AAA (computer security)

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AAA refers to Authentication, Authorization and Accounting. It is used to refer to a family of protocols which mediate network access.

Two network protocols providing this functionality are particularly popular: the RADIUS protocol,[1] and its newer Diameter counterpart.[2][3]

Further explanations of Authentication, Authorization, and Accounting are available on external sites.

Usage of AAA in Diameter[edit]

In some cases, the term AAA has been used to refer to protocol-specific information. For example, Diameter uses the URI scheme; AAA, which stands for Authentication, Authorization and Accounting, and AAAS which stands for Authentication, Authorization and Accounting with Secure Transport, which is a Diameter-based Protocol.[4] These protocols were defined by the Internet Engineering Task Force in RFC 6733 and are intended to provide an Authentication, Authorization, and Accounting (AAA) framework for applications such as network access or IP mobility in both local and roaming situations.[5]

While the term AAA has been used in such a narrow context, the concept of AAA is more widely used within the industry. As a result, it is incorrect to refer to AAA and Diameter as being one and the same.

Usage of AAA servers in CDMA networks[edit]

AAA servers in CDMA data networks are entities that provide Internet Protocol (IP) functionality to support the functions of authentication, authorization and accounting. The AAA server in the CDMA wireless data network architecture is similar to the HLR in the CDMA wireless voice network architecture. Types of AAA servers :

  • Access Network AAA (AN-AAA) – Communicates with the RNC in the Access Network (AN) to enable authentication and authorization functions to be performed at the AN. The interface between AN and AN-AAA is known as the A12 interface.
  • Broker AAA (B-AAA) – Acts as an intermediary to proxy AAA traffic between roaming partner networks (i.e., between the H-AAA server in the home network and V-AAA server in the serving network). B-AAA servers are used in CRX networks to enable CRX providers to offer billing settlement functions.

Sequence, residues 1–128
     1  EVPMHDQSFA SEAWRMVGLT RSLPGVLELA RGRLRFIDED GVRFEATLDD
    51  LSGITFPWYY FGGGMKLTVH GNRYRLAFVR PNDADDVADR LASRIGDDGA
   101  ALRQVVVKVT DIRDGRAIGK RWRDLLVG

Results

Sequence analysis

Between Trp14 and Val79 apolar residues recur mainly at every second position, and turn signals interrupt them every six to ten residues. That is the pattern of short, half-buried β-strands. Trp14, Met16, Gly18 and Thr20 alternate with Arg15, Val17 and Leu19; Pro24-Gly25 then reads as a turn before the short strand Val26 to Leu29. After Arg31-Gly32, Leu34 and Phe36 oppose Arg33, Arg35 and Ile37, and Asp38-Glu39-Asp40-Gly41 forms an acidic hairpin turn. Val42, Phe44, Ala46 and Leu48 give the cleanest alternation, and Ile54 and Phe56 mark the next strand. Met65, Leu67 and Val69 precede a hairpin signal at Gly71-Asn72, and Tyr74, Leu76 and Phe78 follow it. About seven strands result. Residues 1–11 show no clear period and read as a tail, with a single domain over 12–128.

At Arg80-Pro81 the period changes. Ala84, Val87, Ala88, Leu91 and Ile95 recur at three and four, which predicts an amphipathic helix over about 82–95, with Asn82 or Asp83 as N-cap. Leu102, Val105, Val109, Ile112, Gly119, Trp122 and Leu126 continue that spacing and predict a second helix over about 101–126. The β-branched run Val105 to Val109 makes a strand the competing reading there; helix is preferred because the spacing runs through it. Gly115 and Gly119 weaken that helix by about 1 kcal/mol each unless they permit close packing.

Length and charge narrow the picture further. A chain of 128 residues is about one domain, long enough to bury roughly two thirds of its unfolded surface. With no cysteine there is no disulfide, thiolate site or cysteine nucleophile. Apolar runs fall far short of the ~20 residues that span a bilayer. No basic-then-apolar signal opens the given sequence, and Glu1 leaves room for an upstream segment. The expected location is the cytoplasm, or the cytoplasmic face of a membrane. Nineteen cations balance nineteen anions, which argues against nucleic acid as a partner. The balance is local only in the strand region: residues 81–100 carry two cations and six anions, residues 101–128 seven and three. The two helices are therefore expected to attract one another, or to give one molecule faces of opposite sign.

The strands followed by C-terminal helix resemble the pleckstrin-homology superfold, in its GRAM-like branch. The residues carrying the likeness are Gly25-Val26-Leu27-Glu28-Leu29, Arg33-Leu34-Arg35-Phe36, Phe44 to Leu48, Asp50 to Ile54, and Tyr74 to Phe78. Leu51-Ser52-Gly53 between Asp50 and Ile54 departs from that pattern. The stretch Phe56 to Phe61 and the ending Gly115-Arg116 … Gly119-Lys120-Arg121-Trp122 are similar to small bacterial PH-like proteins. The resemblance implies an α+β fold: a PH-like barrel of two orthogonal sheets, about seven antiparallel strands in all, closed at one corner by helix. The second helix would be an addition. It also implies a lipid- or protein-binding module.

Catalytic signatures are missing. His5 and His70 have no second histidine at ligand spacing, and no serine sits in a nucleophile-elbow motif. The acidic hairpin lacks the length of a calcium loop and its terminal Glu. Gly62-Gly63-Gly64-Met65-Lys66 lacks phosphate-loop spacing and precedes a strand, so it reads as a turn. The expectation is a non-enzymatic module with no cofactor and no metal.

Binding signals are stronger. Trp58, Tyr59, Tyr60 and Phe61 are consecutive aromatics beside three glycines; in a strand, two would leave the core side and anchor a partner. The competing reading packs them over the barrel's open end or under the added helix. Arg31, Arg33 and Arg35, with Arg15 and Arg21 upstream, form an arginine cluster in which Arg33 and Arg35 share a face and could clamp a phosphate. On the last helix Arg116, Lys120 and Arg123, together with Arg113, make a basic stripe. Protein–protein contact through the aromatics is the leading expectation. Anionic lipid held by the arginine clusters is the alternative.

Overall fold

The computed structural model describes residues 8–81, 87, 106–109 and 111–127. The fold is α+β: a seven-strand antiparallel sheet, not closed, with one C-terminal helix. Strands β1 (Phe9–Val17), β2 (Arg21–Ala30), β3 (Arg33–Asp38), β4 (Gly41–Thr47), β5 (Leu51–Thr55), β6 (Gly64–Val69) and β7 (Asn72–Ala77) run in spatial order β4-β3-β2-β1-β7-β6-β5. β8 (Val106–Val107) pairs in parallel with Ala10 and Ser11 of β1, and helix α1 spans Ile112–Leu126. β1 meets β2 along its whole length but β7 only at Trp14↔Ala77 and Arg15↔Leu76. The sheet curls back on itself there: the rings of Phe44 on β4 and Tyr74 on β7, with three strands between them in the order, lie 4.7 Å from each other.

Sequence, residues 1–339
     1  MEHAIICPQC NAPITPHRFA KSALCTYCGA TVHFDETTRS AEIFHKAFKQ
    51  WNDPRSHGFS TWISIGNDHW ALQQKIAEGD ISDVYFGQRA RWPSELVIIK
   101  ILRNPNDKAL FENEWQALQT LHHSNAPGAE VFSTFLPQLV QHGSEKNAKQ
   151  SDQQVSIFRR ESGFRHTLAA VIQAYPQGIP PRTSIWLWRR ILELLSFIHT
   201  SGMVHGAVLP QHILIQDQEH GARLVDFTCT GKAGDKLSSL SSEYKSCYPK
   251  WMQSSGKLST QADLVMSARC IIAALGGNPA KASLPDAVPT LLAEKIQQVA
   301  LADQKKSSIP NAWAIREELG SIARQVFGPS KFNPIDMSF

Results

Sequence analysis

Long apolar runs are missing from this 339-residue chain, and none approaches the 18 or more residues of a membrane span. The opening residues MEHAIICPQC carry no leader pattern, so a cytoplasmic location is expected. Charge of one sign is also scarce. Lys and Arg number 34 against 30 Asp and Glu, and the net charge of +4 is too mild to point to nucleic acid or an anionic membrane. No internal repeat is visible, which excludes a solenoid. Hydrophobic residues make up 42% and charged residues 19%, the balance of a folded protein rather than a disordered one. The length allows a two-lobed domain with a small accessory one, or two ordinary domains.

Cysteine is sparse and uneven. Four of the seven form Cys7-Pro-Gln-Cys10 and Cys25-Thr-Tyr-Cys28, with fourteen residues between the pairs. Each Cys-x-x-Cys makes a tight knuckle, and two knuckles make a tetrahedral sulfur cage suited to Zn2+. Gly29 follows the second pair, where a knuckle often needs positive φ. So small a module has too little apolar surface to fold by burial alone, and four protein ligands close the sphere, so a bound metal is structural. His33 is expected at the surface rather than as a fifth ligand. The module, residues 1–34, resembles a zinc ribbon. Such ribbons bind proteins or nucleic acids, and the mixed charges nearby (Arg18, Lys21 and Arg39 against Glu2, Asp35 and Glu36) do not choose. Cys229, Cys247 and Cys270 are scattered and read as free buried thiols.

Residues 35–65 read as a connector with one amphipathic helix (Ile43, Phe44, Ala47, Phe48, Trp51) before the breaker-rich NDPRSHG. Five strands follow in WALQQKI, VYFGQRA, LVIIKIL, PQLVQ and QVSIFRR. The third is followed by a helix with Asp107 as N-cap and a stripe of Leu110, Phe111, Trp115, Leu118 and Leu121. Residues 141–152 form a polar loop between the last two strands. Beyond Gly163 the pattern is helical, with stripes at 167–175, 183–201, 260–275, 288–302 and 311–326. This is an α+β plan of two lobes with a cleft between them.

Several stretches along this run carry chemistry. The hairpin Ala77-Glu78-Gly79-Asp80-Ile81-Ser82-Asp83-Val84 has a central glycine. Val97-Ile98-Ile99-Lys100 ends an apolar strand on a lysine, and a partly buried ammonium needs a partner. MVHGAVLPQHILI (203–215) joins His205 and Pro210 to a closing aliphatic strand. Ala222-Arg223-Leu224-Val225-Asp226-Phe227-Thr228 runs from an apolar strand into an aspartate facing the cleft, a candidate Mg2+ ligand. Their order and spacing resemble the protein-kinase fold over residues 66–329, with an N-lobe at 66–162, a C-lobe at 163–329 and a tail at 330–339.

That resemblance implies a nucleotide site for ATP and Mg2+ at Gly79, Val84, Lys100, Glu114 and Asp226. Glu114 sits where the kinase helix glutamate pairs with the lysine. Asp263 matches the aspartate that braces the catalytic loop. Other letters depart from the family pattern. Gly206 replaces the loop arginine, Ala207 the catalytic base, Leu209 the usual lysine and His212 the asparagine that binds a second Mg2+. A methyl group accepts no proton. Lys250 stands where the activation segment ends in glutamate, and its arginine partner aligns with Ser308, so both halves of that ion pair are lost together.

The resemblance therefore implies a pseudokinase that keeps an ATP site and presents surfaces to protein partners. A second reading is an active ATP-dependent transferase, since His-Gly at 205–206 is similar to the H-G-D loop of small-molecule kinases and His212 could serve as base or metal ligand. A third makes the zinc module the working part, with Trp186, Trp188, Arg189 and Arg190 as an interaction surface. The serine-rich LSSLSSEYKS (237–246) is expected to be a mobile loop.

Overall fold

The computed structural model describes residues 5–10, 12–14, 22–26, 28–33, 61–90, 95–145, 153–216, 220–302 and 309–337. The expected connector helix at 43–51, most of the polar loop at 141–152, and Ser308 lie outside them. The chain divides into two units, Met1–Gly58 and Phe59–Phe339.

• Home AAA (H-AAA) – The AAA server in the roamer's home network. The H-AAA is similar to the HLR in voice. The H-AAA stores user profile information, responds to authentication requests, and collects accounting information.
  • Visited AAA (V-AAA) – The AAA server in the visited network from which a roamer is receiving service. The V-AAA in the serving network communicates with the H-AAA in a roamer's home network. Authentication requests and accounting information are forwarded by the V-AAA to the H-AAA, either directly or through a B-AAA.

Current AAA servers communicate using the RADIUS protocol. As such, TIA specifications refer to AAA servers as RADIUS servers. However, future AAA servers are expected to use a successor protocol to RADIUS known as Diameter.[citation needed]

The behavior of AAA servers (radius servers) in the CDMA2000 wireless IP network is specified in TIA-835.

See also[edit]

References[edit]

  1. ^ C. Rigney, S. Willens, A. Rubens, W. Simpson, "Remote Authentication Dial In User Service (RADIUS)", IETF RFC 2865, June 2000.
  2. ^ P. Calhoun, J. Loughney, E. Guttman, G. Zorn, J. Arkko, "Diameter Base Protocol", IETF RFC 3588, September 2003.
  3. ^ Sasu Tarkoma, "Mobile Middleware: Architecture, Patterns and Practice", John Wiley and Sons, 2009, pp. 248–251. ISBN 9780470745526.
  4. ^ "Uniform Resource Identifier (URI) Schemes". Retrieved 12 October 2014. 
  5. ^ "RFC 6733 - Diameter Base Protocol". PROPOSED STANDARD. Standards Track. ISSN 2070-1721. Retrieved 12 October 2014. 

External links[edit]